Symposium | Thesis Now

Saturday, December 1, 2018, 9:30am - 5pm

Add to Calendar

Laurie Hawkinson, "Cinetrain," Thesis 1982-83. Faculty John Hedjuk, Anthony Candido, Peter Eisenman, Donald Wall, and Regi Weile.

Laurie Hawkinson, "Cinetrain," Thesis 1982-83. Faculty John Hedjuk, Anthony Candido, Peter Eisenman, Donald Wall, and Regi Weile.

Organized to address the agency, relevance, and history of the thesis studio in architecture curricula, Thesis Now is divided in three sessions moderated by Hayley Eber, Nader Tehrani and Eva Franch i Gilabert: 

  • Session 1 | 9:30 AM | Agency and Legacy will examine the value thesis carries both in and beyond the academic experience.

    Participants include: Andrew Kovacs, Caroline O'Donnell, Bryan Young, Deborah Garcia, Zenia Koreitem. 

  • Session 2 | 11:30 AM | Research will focus on the various forms and roles played in structuring a thesis.  This session asks each participant to explore the newly available Digital Access Project, a digital database of theses completed at The Cooper Union between 1966–2003. The presentations will center on topics or findings derived from researching the archive, and will be limited to 10 minutes each, followed by a moderated discussion.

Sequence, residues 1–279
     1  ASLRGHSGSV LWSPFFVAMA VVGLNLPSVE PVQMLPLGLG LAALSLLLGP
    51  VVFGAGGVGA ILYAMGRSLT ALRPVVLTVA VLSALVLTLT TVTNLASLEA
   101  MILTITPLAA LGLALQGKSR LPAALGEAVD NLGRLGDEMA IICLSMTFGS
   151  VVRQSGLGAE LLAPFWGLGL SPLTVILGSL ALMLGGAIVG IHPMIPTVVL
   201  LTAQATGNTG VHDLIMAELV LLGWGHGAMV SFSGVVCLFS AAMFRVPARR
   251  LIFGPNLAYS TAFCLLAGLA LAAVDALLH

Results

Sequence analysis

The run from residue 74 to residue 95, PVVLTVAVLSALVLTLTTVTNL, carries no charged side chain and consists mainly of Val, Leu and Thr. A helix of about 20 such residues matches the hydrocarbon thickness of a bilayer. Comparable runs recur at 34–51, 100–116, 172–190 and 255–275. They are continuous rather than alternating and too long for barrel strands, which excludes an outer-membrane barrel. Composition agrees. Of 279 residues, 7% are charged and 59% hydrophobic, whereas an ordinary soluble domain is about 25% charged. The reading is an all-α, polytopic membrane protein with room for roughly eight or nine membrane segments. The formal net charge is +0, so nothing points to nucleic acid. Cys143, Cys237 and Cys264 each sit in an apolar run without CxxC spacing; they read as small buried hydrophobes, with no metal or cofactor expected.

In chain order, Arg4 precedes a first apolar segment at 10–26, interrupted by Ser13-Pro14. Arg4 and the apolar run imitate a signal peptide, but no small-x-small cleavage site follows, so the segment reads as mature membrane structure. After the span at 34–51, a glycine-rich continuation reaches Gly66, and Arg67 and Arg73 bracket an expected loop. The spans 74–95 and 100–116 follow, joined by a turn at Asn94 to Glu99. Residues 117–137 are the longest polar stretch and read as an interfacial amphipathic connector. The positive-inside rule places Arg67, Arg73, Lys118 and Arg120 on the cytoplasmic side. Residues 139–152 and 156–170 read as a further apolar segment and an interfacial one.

Participants include: Jimenez Lai, Bryony Roberts, Farzin Lotfi-Jam and Arindam Dutta.

  • Session 3 | 1:45 PM | Pedagogy will integrate and expand on the material presented in a moderated discussion addressing shifting ideas shaping thesis curricula and pedagogy today.

    Participants include: Joan Ockman, Scott Colman, Stan Allen, Cristina Goberna, and Andrew Holder. 

  • A reception will follow the symposium in the Gelman Foyer. 

This symposium is organized by Michael Young and Igor Bragado.

The event is free and open to the public. General public should reserve a space here.

View the full Fall 2018 Lectures and Events List.

Located in the Frederick P. Rose Auditorium, at 41 Cooper Square (on Third Avenue between 6th and 7th Streets)

  • Founded by inventor, industrialist and philanthropist Peter Cooper in 1859, The Cooper Union for the Advancement of Science and Art offers education in art, architecture and engineering, as well as courses in the humanities and social sciences.

  • “My feelings, my desires, my hopes, embrace humanity throughout the world,” Peter Cooper proclaimed in a speech in 1853. He looked forward to a time when, “knowledge shall cover the earth as waters cover the great deep.”

  • From its beginnings, Cooper Union was a unique institution, dedicated to founder Peter Cooper's proposition that education is the key not only to personal prosperity but to civic virtue and harmony.

  • Peter Cooper wanted his graduates to acquire the technical mastery and entrepreneurial skills, enrich their intellects and spark their creativity, and develop a sense of social justice that would translate into action.